Opponents of fluoridating Wichita’s drinking water will get a chance to speak their mind next week with Sedgwick County commissioners.
But so will people who support adding fluoride to the water.
Commissioners agreed to let both sides talk at their Oct. 17 meeting after Mark Gietzen, president of the Kansas Republican Assembly, fumed about a “Facts about Fluoride” information sheet that had been available on the county’s website, www.sedgwickcounty.org.
In a story in Tuesday’s Eagle, Gietzen called the flier “nothing more than an unethical, likely illegal, and blatantly political promotion of fluoridation, at public expense.”
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On Tuesday, the county, at the commission’s direction, removed the fact sheet, replacing it with a link to information from the U.S. Centers for Disease Control about fluoride.
“I’m very distressed that we’ve gotten ourselves into this discussion in this way,” Commissioner Karl Peterjohn said at a meeting with staff Tuesday.
Wichitans will vote next month about whether to fluoridate the city’s water supply. Proponents and opponents have been vocal, with both sides disputing the other’s assertions about whether fluoride is safe.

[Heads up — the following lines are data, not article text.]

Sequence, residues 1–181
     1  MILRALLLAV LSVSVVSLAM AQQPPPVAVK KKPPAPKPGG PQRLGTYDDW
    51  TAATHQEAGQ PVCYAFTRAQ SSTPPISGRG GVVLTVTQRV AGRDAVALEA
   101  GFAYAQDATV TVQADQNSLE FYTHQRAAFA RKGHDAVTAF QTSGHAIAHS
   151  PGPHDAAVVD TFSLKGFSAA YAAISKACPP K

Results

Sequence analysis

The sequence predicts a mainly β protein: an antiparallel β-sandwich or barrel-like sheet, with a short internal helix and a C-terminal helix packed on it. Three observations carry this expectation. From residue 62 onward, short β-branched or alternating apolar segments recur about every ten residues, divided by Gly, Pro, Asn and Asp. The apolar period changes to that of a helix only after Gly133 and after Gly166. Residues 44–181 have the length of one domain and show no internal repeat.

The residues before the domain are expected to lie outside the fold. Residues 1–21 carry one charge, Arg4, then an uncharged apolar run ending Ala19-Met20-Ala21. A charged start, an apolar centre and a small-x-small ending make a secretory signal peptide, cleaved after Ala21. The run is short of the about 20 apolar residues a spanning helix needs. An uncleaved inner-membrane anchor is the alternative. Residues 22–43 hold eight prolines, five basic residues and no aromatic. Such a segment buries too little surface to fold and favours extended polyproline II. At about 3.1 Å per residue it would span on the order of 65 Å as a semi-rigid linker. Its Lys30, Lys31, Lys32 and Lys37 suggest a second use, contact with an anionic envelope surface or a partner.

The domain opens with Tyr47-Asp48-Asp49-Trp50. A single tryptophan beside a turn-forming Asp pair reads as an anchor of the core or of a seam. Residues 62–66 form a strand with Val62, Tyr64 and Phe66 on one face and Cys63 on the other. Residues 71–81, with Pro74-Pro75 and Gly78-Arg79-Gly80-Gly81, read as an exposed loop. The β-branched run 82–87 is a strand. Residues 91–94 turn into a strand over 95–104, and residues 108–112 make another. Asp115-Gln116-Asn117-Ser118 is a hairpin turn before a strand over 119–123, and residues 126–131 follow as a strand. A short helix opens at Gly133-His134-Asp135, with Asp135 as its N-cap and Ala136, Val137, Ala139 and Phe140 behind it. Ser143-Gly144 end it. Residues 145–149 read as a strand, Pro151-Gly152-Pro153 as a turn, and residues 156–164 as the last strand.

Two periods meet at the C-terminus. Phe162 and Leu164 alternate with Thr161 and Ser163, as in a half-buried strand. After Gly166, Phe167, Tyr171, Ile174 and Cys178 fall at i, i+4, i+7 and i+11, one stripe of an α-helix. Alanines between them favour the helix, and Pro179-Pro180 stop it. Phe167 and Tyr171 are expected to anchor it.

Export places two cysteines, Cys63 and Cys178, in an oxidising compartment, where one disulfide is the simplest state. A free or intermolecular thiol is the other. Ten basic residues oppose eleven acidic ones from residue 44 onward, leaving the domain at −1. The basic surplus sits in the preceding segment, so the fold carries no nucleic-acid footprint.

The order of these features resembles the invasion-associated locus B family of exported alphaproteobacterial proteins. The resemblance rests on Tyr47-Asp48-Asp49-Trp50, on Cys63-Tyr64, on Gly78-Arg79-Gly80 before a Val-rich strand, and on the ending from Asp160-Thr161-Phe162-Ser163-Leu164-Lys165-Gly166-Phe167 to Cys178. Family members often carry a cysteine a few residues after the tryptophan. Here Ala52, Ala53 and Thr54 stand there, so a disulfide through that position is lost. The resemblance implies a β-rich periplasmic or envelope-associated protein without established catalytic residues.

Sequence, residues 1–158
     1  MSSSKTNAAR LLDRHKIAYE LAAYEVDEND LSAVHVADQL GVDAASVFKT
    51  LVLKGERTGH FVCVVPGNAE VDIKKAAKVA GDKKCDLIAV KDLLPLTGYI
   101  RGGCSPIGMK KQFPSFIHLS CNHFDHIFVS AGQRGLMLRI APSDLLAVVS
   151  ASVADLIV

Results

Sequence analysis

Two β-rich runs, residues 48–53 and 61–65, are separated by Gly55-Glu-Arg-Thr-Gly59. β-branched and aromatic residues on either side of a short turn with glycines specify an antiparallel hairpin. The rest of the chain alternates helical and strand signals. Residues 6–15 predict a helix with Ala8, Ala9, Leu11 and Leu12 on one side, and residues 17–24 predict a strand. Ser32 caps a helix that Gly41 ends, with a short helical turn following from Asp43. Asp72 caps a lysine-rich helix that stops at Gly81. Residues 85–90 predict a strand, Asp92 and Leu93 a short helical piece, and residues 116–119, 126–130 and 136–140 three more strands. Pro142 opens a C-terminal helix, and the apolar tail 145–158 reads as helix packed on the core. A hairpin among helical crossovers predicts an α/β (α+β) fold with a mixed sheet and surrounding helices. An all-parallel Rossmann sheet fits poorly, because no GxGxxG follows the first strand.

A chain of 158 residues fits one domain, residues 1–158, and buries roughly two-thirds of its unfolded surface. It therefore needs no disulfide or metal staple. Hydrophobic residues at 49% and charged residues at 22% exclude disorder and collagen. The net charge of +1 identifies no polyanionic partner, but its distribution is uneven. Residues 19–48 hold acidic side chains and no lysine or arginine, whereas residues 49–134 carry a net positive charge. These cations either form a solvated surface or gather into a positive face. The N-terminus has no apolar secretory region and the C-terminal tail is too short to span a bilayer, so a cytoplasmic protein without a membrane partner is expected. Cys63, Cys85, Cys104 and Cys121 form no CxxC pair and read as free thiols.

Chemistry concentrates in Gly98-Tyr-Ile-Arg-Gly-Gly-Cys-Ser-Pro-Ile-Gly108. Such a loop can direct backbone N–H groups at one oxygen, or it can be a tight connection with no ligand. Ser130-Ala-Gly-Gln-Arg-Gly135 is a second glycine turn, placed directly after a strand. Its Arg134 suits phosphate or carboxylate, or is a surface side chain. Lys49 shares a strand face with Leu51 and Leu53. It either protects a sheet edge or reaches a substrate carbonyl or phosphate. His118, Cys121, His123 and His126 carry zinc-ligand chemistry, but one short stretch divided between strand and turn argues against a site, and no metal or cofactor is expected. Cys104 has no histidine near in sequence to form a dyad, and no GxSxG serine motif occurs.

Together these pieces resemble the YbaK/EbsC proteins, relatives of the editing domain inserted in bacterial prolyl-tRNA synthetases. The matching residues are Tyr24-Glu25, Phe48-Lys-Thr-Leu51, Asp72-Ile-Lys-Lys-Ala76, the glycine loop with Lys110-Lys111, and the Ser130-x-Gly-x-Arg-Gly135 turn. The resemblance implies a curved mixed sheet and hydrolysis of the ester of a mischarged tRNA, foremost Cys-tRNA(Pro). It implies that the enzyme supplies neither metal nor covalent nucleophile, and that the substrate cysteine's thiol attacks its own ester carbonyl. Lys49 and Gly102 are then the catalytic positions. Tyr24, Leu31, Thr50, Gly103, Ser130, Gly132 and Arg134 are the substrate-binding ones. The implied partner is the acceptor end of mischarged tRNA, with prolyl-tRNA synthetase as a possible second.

Gietzen attended commissioners’ Tuesday meeting, which is open to the public, interjecting several times despite being told the meeting was not the appropriate time for the public to speak.
Commissioners meet weekly with staff but typically do not take public comment during the gatherings. Public comment is allowed at commission meetings, but people have to sign up nine days in advance.
That meant Gietzen and other fluoride foes wouldn’t have been able to speak until the commission’s Oct. 24 meeting. Commissioners agreed Tuesday to waive the rule so anyone could talk to them Oct. 17 about fluoridating Wichita’s water.
The deadline to sign up to speak is 5 p.m. Thursday. People may do so by calling the county manager’s office at 316-660-9393.
Chairman Tim Norton noted that fluoridation is a “public health issue, but it’s not a county issue.”
He noted that the city, not the county, controls the water supply.
But Commissioner Richard Ranzau said the county got involved by making the fact sheet available.
“If it’s not a county issue, we need to stay out of it, but we’re not staying out of it,” Ranzau said.
County health department director Claudia Blackburn said the county long has made information about fluoride available on its website.
“This isn’t a new thing for us,” she said.
Gietzen, who pulled a flattened tube of fluoridated toothpaste out of his pocket, noting it warned children not to eat it, challenged the information on the county’s website, telling commissioners it was inaccurate.
At some point during Tuesday’s meeting, Commissioner Jim Skelton told Gietzen he was “out of order.”
At another point, Commissioner Dave Unruh told Gietzen, when Gietzen chimed in from the audience, “Excuse me, I wasn’t speaking to you.”